Useful but vague:
It was interesting to read Shailendra Kumar Upadhyay’s article “National crisis” published in THT on August 15. He has suggested that “a widely participated political conference” is the need of the hour to reach a consensus on resolving the current political crisis in Nepal. He also wrote that the workshop organised by Nepal Citizens’ Forum also made a similar recommendation. Though this could be a creative solution, a mature politician like Upadhyay should have known that some necessary homework has to be done before holding a political conference. Also, it is unclear whether the author is referring to a political conference or a roundtable conference, as there exists a difference between the two. At the same time, while talking about a conference, he also needs to specify things like who would be responsible for taking the initiative, the legal process involved, when and where it should be organised, etc. At a time when the fundamental principles of the 1990 Constitution are violated by the state, we should focus on bringing the derailed constitutional process back on track.
Neetu Kafle, via e-mail
Recently I was heading towards Chabahil Chowk from Gausala when I noticed that some students from a school bus were throwing banana skins and plastic bags from their windows. I was completely shocked by their behaviour. In schools these students are supposed to be taught subjects like the environment, population and health. But the educational institutions have failed to instil civic sense in them. I feel ashamed when my foreign friends often raise the issues of sanitation and garbage in Nepal. I was really under the impression that the younger generation would be truly guided by better education and would adopt environment-friendly practices to keep our city clean. It is painful to be a silent spectator. I urge all school authorities and the students to pay attention to this problem.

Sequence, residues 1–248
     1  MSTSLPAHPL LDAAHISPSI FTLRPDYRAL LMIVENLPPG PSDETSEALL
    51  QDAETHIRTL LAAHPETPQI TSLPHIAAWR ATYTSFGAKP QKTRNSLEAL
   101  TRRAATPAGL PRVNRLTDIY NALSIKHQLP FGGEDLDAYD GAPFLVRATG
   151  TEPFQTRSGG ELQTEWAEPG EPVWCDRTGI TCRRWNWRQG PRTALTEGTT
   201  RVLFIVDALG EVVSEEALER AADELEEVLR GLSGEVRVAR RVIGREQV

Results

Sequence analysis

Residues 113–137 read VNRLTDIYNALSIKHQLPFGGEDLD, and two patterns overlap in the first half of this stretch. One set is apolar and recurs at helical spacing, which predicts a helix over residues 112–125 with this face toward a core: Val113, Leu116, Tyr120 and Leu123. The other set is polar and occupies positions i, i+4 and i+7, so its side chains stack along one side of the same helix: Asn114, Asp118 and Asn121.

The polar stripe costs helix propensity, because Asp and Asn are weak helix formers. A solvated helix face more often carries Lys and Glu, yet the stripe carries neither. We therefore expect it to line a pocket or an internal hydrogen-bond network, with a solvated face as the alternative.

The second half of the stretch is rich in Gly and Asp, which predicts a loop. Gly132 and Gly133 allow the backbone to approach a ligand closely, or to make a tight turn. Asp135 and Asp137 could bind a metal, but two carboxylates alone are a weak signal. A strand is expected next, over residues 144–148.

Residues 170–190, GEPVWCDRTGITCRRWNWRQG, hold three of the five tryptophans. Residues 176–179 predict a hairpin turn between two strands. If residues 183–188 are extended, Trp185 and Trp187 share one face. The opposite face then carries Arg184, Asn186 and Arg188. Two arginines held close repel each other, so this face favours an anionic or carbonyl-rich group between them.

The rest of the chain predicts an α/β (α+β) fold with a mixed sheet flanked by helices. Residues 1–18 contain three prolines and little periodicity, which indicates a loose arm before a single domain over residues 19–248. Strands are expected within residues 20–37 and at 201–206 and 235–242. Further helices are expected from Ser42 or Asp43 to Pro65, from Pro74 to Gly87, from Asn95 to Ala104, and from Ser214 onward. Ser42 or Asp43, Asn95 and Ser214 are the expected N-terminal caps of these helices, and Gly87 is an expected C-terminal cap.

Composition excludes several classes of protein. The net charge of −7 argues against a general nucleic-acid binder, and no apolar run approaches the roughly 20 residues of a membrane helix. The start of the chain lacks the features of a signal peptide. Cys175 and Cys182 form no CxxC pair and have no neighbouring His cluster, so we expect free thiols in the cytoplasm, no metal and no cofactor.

Birodh Pandey, Kathmandu
The people who are living with HIV infection are treated very badly in our society. They are suffering from a social stigma in the form of isolation and neglect by the society and various health institutions. According to one UNAIDS report, more than 90 per cent of HIV positive people in Nepal do not get proper care in the country. These people need care and support from all. The government must implement strong and effective policies for them. Special care units must be created for their benefit and doctors and other health activists must take up their problems.
Suman Giri, Kathmandu
It is good that FM stations have started broadcasting news again the last couple of days following the Supreme Court’s stay order restricting the government. Press freedom is part and parcel of democracy, and thus the re-start of FM news is one step in that direction. It is a good sign that democracy may be restored. FM stations deserve praise for the crusade they have launched against the government’s undemocratic orders. Let’s hope that all Nepalis come together to fight for the protection of their fundamental rights.
D Shah, via e-mail